Healthy Use of Social Media: Minimizing the Negative, Maximizing the Positive
Social media can have positive effects on your mental health, but if you're not careful, it can be damaging. Based on research on social media and mental health, here are tips to stay positive online.
Please note that these suggestions have not been scientifically proven or verified as applicable to all personalities or situations. If you have been diagnosed or suspect you may have a mental illness, seek help from a medical professional.
Claim: Social media use will affect your sleep patterns.
The Risk: There is evidence that the blue light emitted from your phone will affect melatonin production in your body. Disrupted melatonin production will affect your circadian rhythms, which dictate when you feel drowsy and when you're wide awake. As a result, blue light could make it harder for you to fall asleep at night.
Additionally, stresses associated with scrolling through a social media feed, like jealousy, envy, frustration or anger, could keep you awake. If you're dozing off to sleep when the selfie of your ex and their new significant other appears on your screen, it will likely jolt you awake. Suddenly thoughts of your past relationship will be running through your head. Even if you turn off your phone at that moment, how long will it be before you can calm your mind enough to drift into sleep?
The Fix: To fix blue light issues, turn off the phone at least an hour before bed. Instead of reading social media posts, pick up a book or a calming hobby. If that doesn't work for you, see your phone has a night mode or consider using an app like f.lux, or purchasing a screen filter or glasses that reduce blue light.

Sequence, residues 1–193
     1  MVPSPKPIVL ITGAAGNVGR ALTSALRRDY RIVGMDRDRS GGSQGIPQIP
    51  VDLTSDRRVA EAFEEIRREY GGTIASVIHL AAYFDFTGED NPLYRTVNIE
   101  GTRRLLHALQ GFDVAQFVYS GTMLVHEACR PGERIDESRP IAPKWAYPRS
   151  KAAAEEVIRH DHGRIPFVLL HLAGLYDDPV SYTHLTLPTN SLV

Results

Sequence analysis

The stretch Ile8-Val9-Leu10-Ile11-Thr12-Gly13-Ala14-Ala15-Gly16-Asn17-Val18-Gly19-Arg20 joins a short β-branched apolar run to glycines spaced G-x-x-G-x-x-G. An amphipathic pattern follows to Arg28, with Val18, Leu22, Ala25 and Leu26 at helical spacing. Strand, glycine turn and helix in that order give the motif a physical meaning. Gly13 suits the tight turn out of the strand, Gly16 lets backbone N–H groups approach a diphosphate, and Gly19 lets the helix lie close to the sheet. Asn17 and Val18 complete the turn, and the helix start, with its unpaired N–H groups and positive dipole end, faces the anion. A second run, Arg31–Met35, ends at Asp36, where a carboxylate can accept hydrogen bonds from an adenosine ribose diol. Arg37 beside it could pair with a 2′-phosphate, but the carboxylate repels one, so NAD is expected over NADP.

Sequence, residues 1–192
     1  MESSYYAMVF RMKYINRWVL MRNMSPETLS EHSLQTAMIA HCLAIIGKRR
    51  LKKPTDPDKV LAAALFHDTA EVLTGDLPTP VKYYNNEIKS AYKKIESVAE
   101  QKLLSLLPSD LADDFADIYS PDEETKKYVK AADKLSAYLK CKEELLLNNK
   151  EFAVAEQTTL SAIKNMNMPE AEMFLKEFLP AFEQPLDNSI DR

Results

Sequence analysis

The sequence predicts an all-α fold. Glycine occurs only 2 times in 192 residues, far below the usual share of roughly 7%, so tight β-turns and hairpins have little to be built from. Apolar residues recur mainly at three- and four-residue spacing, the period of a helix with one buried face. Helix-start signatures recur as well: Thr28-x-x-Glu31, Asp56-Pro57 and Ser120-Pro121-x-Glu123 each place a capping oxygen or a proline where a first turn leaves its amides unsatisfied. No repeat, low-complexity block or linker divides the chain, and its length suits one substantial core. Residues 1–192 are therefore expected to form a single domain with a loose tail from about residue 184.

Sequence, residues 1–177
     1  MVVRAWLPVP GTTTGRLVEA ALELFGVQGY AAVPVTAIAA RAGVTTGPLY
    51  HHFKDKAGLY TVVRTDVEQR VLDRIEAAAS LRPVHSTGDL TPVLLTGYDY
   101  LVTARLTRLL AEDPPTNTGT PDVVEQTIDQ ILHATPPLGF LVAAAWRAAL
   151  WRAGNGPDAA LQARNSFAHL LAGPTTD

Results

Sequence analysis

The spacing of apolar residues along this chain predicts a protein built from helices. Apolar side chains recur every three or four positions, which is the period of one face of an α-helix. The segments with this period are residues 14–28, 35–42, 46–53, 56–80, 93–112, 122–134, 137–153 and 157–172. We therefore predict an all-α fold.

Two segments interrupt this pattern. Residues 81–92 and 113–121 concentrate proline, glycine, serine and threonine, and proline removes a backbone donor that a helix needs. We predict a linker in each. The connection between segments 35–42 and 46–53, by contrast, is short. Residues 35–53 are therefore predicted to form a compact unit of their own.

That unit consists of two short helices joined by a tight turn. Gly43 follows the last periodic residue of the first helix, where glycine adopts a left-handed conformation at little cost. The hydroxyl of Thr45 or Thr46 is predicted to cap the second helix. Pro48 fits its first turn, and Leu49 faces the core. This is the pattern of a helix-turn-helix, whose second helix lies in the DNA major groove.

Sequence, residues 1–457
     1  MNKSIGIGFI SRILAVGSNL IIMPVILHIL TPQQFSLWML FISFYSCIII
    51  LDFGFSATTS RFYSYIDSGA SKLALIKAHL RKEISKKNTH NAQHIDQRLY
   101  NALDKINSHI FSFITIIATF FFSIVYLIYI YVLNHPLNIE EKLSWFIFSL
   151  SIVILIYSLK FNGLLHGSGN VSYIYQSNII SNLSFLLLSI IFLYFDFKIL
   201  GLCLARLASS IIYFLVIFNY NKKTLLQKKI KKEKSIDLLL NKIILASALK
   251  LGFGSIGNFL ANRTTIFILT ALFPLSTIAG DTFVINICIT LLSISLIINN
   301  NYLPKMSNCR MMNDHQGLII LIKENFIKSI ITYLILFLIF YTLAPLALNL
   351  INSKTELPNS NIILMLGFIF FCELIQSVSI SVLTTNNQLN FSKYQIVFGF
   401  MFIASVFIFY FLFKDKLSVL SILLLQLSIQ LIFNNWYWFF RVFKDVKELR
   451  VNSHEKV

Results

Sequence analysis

To fix late-night stressors relating to social media, turn off the phone at least an hour before bed. Automate silent mode on your phone so it turns on automatically every night just before your bedtime. Charge your phone overnight in a different room than your bedroom. If you struggle to stay off social media, consider using a productivity app that blocks you out of social apps between certain hours.
Claim: Social media use will affect your self-esteem.
The Risk: Social media carries several risks when it comes to your self-esteem. On one end, it can lead to jealousy and envy over your friends' life events, vacations and promotions.
It can also lead to the perception of being left out or socially isolated. The fear of missing out (FOMO) can spur users to scroll through social feeds for hours, trying to keep up on their connections' lives.
There's also the risk that comparing your life, body or achievements to others' can impact your self- esteem.
The Fix: One benefit of social media is that it can actually encourage you to do more with your life than you would have if you hadn't seen your friend's trip to Japan, skydiving adventure or life change. That's because jealousy can be a powerful motivator. Seeing the exploits of your friends can make you think, "That's who I want to be." Soon enough, you'll be purchasing your tickets and getting on a plane.
If that kind of lifestyle is beyond your means, though, it's likely the jealousy will turn into envy. In this case, it's important to remember that a life of travel and endless fulfillment is a rarity. Whether your friends are hiding their mediocre daily commitments or neglecting them, the fact is that they have them, just like you do. And you'll find that you can achieve a similar sense of fulfillment by participating in local communities, like book clubs, soccer teams, volunteer groups, etc. These kinds of groups will fit better into your daily schedule, while providing the human support that is necessary to your emotional well-being. Once you create a habit of participating in positive communities, you won't feel like you're missing out, because you'll have a place in a group of your own.
And there's nothing wrong with participating in online communities if they're positive and supportive. In fact, social media can be very helpful to LGBT and mentally ill youth, who no longer feel alone when they join an online community of similar people.
If you're really struggling with your online self-esteem, it might help to take note of a study that found that your profile page can boost your self-esteem. Curating your profile page to highlight the best parts of your personality, character, and experiences can be a major mood-booster. The reasoning behind that is that it helps remind you of the positive and filter out the negative. No need to brood on your worst qualities if you're picking and choosing your best. The problem only comes when you start to compare yourself to others.